Page last updated at 04:03 GMT, Tuesday, 21 October 2008 05:03 UK

Famous music venue's final curtain

By Tom Warren
BBC News

The Astoria
The Astoria, opened in the 1920s, was originally a cinema

It is one of the most famous music venues in London that has hosted acts including The Rolling Stones, Nirvana, U2 and Madonna.

But the Astoria Theatre, in Charing Cross Road, will soon be knocked down for the city's 16bn Crossrail project.

Despite a campaign to save it which attracted thousands of supporters, a compulsory purchase order (CPO) for the building, along with 12 others nearby, has now been issued.

They will make way for work on a huge extension of Tottenham Court Road station, which is a central part of the scheme to link Maidenhead in Berkshire and Shenfield in Essex, via Heathrow airport and central London.

It's very worrying that the Astoria could be demolished without any guarantees of a proper replacement
The Theatres Trust

It could mean the final curtain for the music venue as early as January next year.

Built in 1927, the Astoria was converted from an old warehouse.

Originally a cinema, the venue could seat up to 2,000 people and films were shown there for nearly 50 years.

In 1976 live theatre productions began to be staged at the Astoria.

But it was in later years, when the building was transformed into a music venue, that it really found fame.

And as well as gigs, it was the home of G-A-Y club nights for more than 15 years which attracted the likes of Madonna, Girls Aloud and Kylie Minogue.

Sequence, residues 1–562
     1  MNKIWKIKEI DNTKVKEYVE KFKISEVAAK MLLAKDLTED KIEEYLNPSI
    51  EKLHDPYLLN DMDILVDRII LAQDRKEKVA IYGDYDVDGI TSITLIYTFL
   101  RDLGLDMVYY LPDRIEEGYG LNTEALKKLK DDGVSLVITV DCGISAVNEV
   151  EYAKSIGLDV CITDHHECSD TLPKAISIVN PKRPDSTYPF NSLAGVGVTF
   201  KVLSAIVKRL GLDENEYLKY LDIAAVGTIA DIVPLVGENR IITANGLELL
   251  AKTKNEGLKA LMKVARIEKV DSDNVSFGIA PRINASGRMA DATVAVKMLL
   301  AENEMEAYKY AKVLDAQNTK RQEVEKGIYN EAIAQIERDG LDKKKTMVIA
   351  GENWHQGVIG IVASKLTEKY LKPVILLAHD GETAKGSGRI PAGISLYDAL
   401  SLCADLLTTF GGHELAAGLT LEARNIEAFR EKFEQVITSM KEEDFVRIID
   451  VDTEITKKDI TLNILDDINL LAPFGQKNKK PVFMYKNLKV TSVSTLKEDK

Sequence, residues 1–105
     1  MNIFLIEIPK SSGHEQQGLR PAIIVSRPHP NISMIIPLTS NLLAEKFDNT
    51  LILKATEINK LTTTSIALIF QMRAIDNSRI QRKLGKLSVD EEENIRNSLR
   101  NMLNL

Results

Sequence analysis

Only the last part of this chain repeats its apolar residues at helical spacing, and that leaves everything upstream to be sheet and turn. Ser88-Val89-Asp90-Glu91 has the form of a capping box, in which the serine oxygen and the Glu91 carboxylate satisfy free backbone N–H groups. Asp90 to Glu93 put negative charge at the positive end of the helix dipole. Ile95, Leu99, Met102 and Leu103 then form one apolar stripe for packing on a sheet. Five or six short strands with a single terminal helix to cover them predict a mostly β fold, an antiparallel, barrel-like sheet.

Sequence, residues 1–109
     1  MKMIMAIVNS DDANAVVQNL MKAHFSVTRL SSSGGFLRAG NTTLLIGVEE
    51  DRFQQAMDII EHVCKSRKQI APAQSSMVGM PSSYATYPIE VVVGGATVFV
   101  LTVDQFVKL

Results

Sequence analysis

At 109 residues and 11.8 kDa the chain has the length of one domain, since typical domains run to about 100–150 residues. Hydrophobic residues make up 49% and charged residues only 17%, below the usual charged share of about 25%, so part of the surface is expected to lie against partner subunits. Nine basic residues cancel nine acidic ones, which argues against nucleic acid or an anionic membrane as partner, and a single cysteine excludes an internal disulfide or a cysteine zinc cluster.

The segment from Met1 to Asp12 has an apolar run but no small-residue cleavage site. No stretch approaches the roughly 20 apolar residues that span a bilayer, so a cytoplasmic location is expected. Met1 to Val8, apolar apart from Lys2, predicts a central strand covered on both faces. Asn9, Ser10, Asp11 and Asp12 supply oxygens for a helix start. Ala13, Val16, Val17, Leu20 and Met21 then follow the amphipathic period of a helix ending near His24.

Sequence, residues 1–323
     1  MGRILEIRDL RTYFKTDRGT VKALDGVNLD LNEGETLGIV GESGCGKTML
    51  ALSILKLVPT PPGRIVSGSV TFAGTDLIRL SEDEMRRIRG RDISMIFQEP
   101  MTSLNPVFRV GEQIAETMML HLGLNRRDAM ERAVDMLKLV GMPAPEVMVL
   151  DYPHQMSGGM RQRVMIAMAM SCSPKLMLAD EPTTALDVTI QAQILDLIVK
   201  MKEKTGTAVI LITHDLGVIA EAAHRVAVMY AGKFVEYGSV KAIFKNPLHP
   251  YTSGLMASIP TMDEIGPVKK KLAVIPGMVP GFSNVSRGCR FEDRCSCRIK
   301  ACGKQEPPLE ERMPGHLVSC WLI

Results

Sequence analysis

'Main venue'

Bryan Grimmer, who has worked on the Astoria's ticket desk for 16 years, said the venue's intimacy had made it popular with some of the world's biggest-selling music acts.

"The 80s and 90s were probably its heyday," he said.

"It's more than a 1,500 capacity but you're nice and close. It's not like Wembley where you can be at the other end and it's like looking at ants on the stage.

"It will be a loss, it's the main central London gig venue.

"We've got a nice line-up between now and Christmas, but there's a possibility we could be coming down from January onwards."

Mr Grimmer said a campaign to save the Astoria had begun several years ago, but added he did not think the building had a future.

Madonna at the Astoria
Madonna is one of many famous artists to have performed at the Astoria

The Theatres Trust, which campaigns on behalf of arts venues across the UK, has raised concerns about the Astoria's demolition.

Director Mhora Samuel said: "The Crossrail draft planning brief says there will be a replacement theatre.

"But they intend to replace the 1,600-capacity Astoria with a much smaller 250-seat theatre.

"The Theatres Trust strongly objects to this. As well as being a huge loss to the cultural vitality of London's West End, which drives its economy, it goes against Westminster's planning policy.

"Given the slump in the property market and the subsequent hole in Crossrail finances, it's also very worrying that the Astoria could be demolished without any guarantees of a proper replacement."

Developer Derwent London owns the site on which the Astoria is situated and plans to redevelop the area once the Crossrail project is completed.

A spokesman said plans, for a mix of retail and housing, were at an early stage and still being drawn up.

A Crossrail spokeswoman said any decision to replace the Astoria with a new venue would be up to Derwent, after the rail scheme's completion.

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